As Floridi states it “if the self is made of information (perceptions or narratives, or any other informational items one may privilege), then a serious challenge is to explain how that information is kept together as a whole, coherent, sufficiently permanent unit” (Floridi, 10). Maybe, as my friend R. Scott Bakker, keeps saying, we should just quit trying. Maybe the self is a temporary agent produced by the brain in its ongoing activities, along with the memory sequences attached to this temporary locus of activity as an artificial agent to handle specific evolutionary intermediation between brain and environment and nothing more (i.e., after the specific activity subsides so does the self with it). Our sense of continuity, of individuation and change might in the end all be distortions of an information processing system to vast and inaccessible to either internal or external reflection that we have yet to comprehend its complexity.

As Floridi tries to suggest if in this notion of synchronic ecology with the self as narrative –  what prevents the narrative from being a completely random, incoherent and disjointed selection of miscellaneous bits of stories? The answer: nothing. Yet, Floridi tries to invoke Kant to reinforce a sense that the narrative structuration of the self is feasible after all (i.e., selves, if they are narratives, are coherent and unitary narratives, at least when dealing with healthy, ordinary selves). Kant would argue for a transcendental subject, a sense of self as a unity of the information about the external world, synthesized as epistemic agent and guarantor of its own information.

Problem with Kant and all those that would follow him was simply that being blind to the very processes of production of information (i.e., the trillions of bits of data processing going on every microsecond in the brain) he assumed he had sufficient information available to him to explain what was going on in the narrative or informational self to make it a unity. But he was wrong. Even Floridi is stymied by this and asks: “granted that the unity of the narrative or informational self and (perhaps) its crucial role in the delivery of a coherent experience of the world must be conceded, what generates it and keeps it together?” The brain itself of course, but we have no direct access to these processes through philosophical reflection or recursive reason to tell us even this much, so we assume we have all the information needed to begin to formulate a solution when in fact we’re caught in a trap laid by the brain itself long before we begin to reflect.

Floridi even admits as much telling us he left such questions unanswered in the past. Instead he defended a notion of self as information arguing that each self should be “conceptualised as being constituted by its information, thus understanding a breach of one’s informational privacy as a form of aggression against one’s personal identity” (Floridi, 11). But if as Scott in his BBT Theory (Blind Brain Theory) tells us we are constituted by a minimal set of data which is both temporary and non-permanent:

If the lack of information, the ‘superunknown,’ is what limits our ability to cognize nature, then it makes sense to assume that it also limits our ability to cognize ourselves. If the lack of information is what prevents us from seeing our way past traditional conceits regarding the world, it makes sense to think it also prevents us from seeing our way past cherished traditional conceits regarding ourselves. If information privation plays any role in ignorance or misconception at all, we should assume that the grandiose edifice of traditional human self-understanding is about to founder in the ongoing informatic Flood…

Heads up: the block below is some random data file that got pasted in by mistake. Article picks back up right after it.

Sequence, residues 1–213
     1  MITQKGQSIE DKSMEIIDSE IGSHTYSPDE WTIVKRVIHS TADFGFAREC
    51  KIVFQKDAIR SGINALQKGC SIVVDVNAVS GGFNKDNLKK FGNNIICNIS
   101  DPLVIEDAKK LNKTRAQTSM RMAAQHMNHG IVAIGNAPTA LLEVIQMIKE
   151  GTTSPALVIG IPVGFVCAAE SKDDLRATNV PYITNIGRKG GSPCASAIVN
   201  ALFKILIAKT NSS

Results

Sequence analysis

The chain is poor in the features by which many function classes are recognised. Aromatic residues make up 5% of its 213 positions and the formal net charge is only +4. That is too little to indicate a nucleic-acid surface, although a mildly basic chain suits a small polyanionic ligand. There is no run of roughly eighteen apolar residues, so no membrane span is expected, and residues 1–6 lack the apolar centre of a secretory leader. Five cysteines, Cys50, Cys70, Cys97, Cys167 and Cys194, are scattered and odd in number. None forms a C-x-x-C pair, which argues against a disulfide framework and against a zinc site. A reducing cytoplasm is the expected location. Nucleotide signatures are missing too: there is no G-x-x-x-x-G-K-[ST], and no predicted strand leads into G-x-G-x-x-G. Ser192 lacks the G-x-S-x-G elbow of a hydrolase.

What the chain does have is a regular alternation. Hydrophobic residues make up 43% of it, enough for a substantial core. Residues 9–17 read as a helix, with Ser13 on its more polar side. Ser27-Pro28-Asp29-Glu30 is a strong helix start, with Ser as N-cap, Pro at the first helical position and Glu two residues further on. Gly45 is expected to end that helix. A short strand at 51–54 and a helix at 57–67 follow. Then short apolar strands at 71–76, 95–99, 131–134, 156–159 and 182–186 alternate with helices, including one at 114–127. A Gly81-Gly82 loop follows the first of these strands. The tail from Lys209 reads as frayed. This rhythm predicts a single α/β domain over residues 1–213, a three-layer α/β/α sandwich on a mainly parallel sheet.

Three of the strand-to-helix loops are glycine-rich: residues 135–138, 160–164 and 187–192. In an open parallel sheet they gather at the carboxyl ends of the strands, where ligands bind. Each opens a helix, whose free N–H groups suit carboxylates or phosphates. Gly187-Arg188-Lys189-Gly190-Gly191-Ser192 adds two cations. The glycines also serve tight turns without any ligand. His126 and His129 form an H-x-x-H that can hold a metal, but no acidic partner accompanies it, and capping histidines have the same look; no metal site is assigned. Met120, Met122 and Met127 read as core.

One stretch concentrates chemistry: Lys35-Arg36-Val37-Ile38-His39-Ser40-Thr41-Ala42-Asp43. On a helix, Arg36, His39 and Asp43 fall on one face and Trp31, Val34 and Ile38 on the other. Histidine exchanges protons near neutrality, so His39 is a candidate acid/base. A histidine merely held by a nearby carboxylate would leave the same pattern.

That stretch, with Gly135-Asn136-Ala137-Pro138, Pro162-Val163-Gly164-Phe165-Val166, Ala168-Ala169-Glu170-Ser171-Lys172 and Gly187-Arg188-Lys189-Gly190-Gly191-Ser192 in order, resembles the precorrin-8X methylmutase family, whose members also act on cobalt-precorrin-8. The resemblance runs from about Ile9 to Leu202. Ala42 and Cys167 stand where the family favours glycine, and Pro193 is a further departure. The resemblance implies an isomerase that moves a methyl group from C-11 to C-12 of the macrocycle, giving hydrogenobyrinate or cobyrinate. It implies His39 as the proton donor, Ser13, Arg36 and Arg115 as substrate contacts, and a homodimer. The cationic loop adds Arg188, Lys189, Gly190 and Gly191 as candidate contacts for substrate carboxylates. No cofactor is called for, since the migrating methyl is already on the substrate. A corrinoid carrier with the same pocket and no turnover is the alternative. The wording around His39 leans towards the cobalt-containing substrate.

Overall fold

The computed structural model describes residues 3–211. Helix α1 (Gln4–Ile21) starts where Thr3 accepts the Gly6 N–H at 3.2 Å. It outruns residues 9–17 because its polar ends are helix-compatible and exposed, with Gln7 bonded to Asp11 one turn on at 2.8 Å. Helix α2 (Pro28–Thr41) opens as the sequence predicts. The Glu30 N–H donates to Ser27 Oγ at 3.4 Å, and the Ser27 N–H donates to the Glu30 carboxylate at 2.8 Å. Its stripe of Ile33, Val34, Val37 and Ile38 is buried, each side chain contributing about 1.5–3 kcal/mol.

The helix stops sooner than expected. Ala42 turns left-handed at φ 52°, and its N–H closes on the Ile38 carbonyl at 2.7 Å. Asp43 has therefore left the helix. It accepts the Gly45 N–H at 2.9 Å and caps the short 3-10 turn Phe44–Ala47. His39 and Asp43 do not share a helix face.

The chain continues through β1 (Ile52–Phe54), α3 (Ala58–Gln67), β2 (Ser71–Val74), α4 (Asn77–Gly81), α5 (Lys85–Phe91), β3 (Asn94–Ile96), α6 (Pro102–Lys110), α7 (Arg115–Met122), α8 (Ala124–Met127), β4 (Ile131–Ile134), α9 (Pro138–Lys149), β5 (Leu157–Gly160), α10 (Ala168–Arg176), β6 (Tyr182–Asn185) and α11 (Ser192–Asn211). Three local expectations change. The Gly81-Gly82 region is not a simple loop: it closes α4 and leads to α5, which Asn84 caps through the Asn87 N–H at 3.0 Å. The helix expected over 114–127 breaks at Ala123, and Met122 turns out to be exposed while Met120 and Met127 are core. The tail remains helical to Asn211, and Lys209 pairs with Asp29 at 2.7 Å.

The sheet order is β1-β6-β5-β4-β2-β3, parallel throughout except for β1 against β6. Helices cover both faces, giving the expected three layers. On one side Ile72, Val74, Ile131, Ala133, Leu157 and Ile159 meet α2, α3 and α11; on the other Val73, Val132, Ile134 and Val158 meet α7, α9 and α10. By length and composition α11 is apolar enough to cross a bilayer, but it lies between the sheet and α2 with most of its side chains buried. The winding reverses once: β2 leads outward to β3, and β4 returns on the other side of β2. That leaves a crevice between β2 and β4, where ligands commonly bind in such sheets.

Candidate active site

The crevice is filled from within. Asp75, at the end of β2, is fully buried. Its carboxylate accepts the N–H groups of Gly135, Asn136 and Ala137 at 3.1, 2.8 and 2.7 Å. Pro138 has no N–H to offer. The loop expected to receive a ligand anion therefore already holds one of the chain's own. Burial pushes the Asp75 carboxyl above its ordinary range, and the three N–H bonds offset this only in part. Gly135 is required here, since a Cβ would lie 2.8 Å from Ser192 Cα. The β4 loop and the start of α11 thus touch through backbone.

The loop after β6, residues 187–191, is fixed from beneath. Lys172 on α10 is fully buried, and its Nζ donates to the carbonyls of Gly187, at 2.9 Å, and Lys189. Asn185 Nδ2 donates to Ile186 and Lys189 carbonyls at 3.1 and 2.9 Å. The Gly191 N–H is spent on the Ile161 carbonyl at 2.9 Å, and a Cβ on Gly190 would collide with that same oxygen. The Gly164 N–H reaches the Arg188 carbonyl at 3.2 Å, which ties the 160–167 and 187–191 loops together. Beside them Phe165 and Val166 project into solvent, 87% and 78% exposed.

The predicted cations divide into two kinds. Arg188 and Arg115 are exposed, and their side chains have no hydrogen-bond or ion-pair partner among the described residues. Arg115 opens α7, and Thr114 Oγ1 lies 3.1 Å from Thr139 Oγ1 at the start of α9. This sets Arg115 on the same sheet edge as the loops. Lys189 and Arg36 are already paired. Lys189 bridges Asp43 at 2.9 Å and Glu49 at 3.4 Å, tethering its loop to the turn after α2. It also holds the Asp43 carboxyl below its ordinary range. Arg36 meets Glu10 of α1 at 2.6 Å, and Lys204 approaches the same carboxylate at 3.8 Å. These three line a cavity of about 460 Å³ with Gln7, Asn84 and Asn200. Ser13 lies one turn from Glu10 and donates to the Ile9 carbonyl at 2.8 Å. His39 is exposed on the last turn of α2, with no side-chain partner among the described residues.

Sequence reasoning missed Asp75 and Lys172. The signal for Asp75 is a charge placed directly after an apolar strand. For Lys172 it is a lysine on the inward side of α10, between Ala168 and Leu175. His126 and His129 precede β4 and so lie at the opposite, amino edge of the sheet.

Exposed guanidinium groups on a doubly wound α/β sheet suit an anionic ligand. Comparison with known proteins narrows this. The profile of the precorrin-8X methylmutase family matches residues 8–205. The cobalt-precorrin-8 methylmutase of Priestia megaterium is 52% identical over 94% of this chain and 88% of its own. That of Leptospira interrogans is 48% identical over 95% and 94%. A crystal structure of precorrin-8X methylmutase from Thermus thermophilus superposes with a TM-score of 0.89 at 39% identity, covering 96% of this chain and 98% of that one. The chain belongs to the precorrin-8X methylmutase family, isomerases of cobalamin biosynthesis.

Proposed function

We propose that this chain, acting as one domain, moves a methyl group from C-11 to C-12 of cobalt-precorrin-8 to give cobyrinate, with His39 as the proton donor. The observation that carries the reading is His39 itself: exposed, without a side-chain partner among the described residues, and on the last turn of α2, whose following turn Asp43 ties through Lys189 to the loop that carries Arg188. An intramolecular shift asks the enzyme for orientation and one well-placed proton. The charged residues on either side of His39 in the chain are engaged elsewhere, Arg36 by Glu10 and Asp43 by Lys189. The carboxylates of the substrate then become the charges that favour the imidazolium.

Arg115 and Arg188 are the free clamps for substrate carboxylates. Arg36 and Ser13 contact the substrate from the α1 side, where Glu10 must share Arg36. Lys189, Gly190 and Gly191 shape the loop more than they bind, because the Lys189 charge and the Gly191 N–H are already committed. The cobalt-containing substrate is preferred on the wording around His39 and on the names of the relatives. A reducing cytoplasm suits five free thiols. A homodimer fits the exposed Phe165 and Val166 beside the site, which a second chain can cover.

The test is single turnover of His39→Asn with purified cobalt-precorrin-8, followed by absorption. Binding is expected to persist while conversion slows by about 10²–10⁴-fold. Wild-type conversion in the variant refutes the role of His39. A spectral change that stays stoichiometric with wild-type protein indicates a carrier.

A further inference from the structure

So instead of having the information needed to conceptualize a self as unity, we are actually informationally deprived and lack all but the minimal set of data that the true chariot underwriting the informational cosmos of the self is the brain of which we have little or know informational knowledge through our recursive system of reason and reflection. Yet, Floridi, admits as much saying clearly, “it is going to be hard to tackle a problem that Plato, Hume and Kant left unsolved” (Floridi, 11).

In the final phase of his essay Floridi proposes what he terms a figural three-phase approach, one that will help him support his pet theory concerning ICTs (Information-Communications Technologies). First, he sets out that basic information theory that will support what he terms the “reconciliation hypothesis” (I quote at length):

In the same way that organisms are initially formed and kept together by auto-structuring (i.e., auto-assembling and, within the assembled entity , auto-organising) physical (henceforth corporeal) membranes, which encapsulate and hence detach (bear with me, more on this below) parts of the environment into biochemical structures that are then able to evolve into more complex organisms, selves too are the result of further encapsulations, although of informational rather than biochemical structures.(Floridi, 12)

The self emerges as a final phase in which the basic mechanism of encapsulation, detachment and internal auto-organization or the pre-ceding. In his words, the self emerges  “as the last step in a process of detachment from reality that begins with a corporeal membrane encapsulating an organism, proceeds through a cognitive membrane encapsulating an intelligent animal, and concludes with a consciousness membrane encapsulating a mental self or simply a mind” (Floridi, 13).